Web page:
# smooth equidimensional fibers over a smooth base

This is probably a simple-minded question, but I haven't been able to prove it or find a counterexample. This old question seems to dance around my question, but I don't think any of the answers address exactly my situation. (Please tell me if I am wrong!)

Suppose $$\varphi: X\to Y$$ is a surjective morphism of algebraic varieties (reduced, irreducible, separated schemes, finite type over an algebraically closed field), and furthermore assume that $$Y$$ is smooth. Also, I can assume that $$\varphi$$ is finitely presented.

If the fiber $$X_y$$ is smooth and equidimensional of dim $$n$$ for any $$y\in Y$$, is the morphism flat? I know that equidimensionality alone does not mean flat, but I wonder if the smoothness assumptions are enough. Obviously, I want to conclude that $$X$$ is smooth and this is enough.

The equidimensionality assumption rules out the blow-up examples in the above cite problem, and the normalization of a node on a curve is ruled out by smoothness of $$Y$$. I would be happy with a counterexample though.

• By "miracle flatness", if f is not flat then X is not Cohen--Macaulay. But if x∈X is a non-CM point then I am very doubtful that the fibre through x can really be smooth (e.g. because locally near X the fibre is cut out by a regular sequence). – Pop Oct 4 '18 at 19:52
• That is a good point, and I have tried to make that intuition into a complete argument, but haven't been successful. – Spencer Leslie Oct 4 '18 at 20:35
• If $Y$ is smooth, then every $y\in Y$ is a complete intersection in $Y$ and hence $X_y$ is a complete intersection in $X$. If $X_y$ is CM, then this implies that $X$ is CM...It seems though that you don't need $Y$ to be smooth. See the link I posted below. – Sándor Kovács Oct 4 '18 at 20:46
• I will take a look at the book! Is your point with not needing $Y$ to be smooth that you only need every $y\in Y$ a complete intersection? – Spencer Leslie Oct 4 '18 at 21:53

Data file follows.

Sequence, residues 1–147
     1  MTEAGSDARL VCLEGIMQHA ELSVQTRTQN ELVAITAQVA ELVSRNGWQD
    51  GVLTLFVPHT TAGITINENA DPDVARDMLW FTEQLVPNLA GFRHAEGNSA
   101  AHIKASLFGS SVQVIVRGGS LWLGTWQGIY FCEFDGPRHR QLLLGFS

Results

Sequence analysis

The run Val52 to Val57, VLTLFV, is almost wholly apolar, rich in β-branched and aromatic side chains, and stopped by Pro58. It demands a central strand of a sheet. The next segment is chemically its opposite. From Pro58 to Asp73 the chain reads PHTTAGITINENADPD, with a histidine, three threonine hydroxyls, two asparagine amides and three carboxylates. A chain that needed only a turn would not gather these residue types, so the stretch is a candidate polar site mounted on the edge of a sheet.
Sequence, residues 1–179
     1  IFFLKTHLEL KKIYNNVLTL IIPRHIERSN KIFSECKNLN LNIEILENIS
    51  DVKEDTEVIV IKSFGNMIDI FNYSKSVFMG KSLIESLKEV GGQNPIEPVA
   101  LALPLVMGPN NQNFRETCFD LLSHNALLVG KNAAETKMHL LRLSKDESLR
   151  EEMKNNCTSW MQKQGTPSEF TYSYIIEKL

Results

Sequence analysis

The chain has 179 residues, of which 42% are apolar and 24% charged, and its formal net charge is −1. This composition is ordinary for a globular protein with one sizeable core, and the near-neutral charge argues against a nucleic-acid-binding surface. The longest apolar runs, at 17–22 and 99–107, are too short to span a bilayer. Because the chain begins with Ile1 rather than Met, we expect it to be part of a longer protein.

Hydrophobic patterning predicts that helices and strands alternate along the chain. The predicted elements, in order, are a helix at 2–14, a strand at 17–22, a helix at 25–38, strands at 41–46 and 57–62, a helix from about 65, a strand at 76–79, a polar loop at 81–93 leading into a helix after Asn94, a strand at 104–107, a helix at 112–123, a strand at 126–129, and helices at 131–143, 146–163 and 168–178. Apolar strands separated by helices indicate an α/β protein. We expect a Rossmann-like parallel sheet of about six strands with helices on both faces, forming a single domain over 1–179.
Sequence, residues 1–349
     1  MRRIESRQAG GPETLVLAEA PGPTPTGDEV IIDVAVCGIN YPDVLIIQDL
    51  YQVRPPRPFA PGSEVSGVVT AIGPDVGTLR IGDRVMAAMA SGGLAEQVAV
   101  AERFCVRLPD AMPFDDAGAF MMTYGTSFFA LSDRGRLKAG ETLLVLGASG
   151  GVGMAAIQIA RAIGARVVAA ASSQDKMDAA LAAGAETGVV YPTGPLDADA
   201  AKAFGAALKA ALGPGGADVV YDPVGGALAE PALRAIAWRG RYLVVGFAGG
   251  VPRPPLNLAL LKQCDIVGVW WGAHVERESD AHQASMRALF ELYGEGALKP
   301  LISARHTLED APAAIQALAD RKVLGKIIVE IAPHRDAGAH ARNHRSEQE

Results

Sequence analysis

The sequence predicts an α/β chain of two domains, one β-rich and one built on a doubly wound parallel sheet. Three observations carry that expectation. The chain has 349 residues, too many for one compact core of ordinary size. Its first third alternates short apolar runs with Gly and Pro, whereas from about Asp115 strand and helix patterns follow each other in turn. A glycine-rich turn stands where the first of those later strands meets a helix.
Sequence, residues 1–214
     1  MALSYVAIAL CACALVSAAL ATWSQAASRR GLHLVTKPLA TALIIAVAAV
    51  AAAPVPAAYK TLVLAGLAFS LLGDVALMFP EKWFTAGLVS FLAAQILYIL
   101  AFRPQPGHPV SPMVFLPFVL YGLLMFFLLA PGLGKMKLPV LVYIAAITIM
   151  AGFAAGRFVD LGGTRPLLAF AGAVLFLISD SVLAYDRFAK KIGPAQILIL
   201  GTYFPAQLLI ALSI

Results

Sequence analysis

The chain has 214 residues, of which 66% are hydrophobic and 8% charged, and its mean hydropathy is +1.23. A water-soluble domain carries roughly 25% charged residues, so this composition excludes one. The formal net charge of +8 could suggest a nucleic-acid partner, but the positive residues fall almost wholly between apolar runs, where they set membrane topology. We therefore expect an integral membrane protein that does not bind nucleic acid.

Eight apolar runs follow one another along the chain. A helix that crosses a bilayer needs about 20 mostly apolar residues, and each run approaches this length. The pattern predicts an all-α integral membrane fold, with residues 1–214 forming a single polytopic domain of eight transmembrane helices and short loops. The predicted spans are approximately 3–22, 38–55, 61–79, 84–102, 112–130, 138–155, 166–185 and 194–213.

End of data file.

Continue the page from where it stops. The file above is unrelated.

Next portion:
• I should have said "if $X_y$ is CM, then $X$ is CM in a neighborhood of $X_y$", but if this holds for all $y$, then $X$ is CM. – Sándor Kovács Oct 17 '18 at 16:10

One can also show directly that $$X$$ is smooth (assuming it is irreducible or even just equidimensional). The problem is local on $$X$$ and $$Y$$ so we may assume that $$X\subset \mathbb{C}^N$$ is affine of codimension $$k=N-n$$ and $$Y=\mathbb{C}^d$$. Choose polynomials $$f_1,...,f_m, t_1,...,t_d\in \mathbb{C}[X_1,...,X_N]$$ such that $$X\ = \ \{x\in\mathbb{C}^N\,:\, f_1(x)=\cdots = f_m(x)=0\}$$ and $$\varphi(x)=(t_1(x),...,t_d(x))$$ for all $$x\in X$$. Fix $$p\in X$$ and assume $$0=f(p)\in\mathbb{C}^d$$. Then
$$X_0\ = \ \{x\in\mathbb{C}^N\,:\, f_1(x)=\cdots =f_m(x)=t_1(x)=\cdots =t_d(x)=0\ \}$$ Since $$p$$ is a smooth point of $$X_0$$, after reordering the indices if necessary, there exist $$r\leq m$$ and $$s\leq d$$ such that $$r+s=k+d$$ and the following set is linearly independent.
$$\{df_1(p),...,df_r(p),dt_1(p),...,dt_s(p)\}$$ Since $$s\leq d$$ we see $$r\geq k$$. But $$X$$ has pure codimension $$k$$ so $$r\leq k$$. Thus $$r=k$$ and $$\{df_1(p),...,df_k(p)\}$$ is linearly independent so $$p\in X$$ is a smooth point.